Subdivision Strategy #2: Renovating the existing home.
By renovating the existing home on the property, you are leveraging an existing resource to generate additional equity and capital gain.
For example, after observing a demand for two-bathroom homes, Hall decided to add a bathroom to a three-bedroom, one-bath home.
To keep costs down, he used a prefabricated bathroom with no roof, called a pod, and bolted it to the side of the house for a total cost of about $10,000.
After putting a roof on the bathroom, he added an additional $40,000 to $50,000 of capital to the house.
Although adding a pod bathroom or kitchen can require council approval, it is a great strategy to increase the value of a home without spending a lot of money.
Subdivision Strategy #3: Use a buyer’s agent.
Buyer’s agents can help you to see opportunities where others don’t,” said Hall.
He cited an example in which one of his clients wanted to purchase a property that could be subdivided. The buyer wanted to retain the existing home and build one additional property on the back of the lot.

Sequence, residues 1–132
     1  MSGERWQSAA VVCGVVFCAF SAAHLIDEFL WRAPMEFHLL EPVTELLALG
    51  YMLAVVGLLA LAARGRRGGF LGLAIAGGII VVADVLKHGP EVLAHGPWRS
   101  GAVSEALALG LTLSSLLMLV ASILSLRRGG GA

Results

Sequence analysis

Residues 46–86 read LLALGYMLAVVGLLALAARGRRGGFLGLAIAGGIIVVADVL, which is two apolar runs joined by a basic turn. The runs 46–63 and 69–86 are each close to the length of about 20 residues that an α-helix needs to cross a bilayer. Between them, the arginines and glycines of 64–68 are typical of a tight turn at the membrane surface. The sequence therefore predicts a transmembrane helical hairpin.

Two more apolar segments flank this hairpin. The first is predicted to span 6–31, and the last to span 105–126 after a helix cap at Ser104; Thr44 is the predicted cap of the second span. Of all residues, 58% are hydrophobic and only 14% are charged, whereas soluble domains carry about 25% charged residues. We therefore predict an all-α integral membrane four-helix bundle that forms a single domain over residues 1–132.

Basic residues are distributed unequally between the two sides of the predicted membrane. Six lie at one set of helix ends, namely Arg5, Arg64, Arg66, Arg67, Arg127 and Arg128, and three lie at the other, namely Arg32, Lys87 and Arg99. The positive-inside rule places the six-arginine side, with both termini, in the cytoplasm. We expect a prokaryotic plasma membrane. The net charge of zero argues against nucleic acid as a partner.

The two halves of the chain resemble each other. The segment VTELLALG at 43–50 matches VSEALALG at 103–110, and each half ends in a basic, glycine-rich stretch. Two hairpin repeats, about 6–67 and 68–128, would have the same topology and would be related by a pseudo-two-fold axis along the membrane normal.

Hall realised that there was almost enough space to allow his client to build two additional properties on the back of the block, and asked a town planner to investigate further.
Since the block was adjacent to a park, the local council allowed the buyer to purchase 16 square meters of land from the park.
Because of this creative thinking, the client was able to take the project from a single build-behind to a dual build-behind, which earned them an extra $125,000 to $150,000.
Buyer’s agents also are well-versed in the zoning requirements of each individual council, including setbacks, building envelopes and minimum requirements for lot sizes.
Having access to this knowledge can prevent you from making disastrous mistakes, such as overpaying for a property that was advertised incorrectly and can’t be subdivided under current zoning regulations.
Hall said that his ideal strategy is to look for a large corner block that is between 800 and 900 square meters and has an existing home that can be renovated.
In this case, he would split the lot into individual, 400-square-meter lots. He would retain and renovate the existing house on the first lot, adding a two-bedroom, one-bathroom granny flat.
Then, he would construct a three-bedroom, two-bathroom home with a two-bedroom, one-bathroom granny flat on the second lot.